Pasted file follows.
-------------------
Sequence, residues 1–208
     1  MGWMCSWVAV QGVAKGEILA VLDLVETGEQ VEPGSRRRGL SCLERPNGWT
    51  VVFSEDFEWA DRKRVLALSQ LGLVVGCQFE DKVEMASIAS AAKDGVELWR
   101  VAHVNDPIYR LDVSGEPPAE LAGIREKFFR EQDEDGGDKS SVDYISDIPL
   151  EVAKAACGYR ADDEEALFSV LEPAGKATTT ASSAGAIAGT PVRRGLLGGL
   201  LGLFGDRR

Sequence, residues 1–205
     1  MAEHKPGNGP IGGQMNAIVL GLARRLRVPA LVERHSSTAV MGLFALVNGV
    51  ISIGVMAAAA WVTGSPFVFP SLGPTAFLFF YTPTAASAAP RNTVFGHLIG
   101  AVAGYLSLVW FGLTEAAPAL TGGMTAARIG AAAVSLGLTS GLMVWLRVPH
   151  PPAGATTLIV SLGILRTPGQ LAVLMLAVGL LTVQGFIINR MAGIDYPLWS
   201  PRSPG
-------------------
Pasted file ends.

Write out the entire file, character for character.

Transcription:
Sequence, residues 1–208
     1  MGWMCSWVAV QGVAKGEILA VLDLVETGEQ VEPGSRRRGL SCLERPNGWT
    51  VVFSEDFEWA DRKRVLALSQ LGLVVGCQFE DKVEMASIAS AAKDGVELWR
   101  VAHVNDPIYR LDVSGEPPAE LAGIREKFFR EQDEDGGDKS SVDYISDIPL
   151  EVAKAACGYR ADDEEALFSV LEPAGKATTT ASSAGAIAGT PVRRGLLGGL
   201  LGLFGDRR

Sequence, residues 1–205
     1  MAEHKPGNGP IGGQMNAIVL GLARRLRVPA LVERHSSTAV MGLFALVNGV
    51  ISIGVMAAAA WVTGSPFVFP SLGPTAFLFF YTPTAASAAP RNTVFGHLIG
   101  AVAGYLSLVW FGLTEAAPAL TGGMTAARIG AAAVSLGLTS GLMVWLRVPH
   151  PPAGATTLIV SLGILRTPGQ LAVLMLAVGL LTVQGFIINR MAGIDYPLWS
   201  PRSPG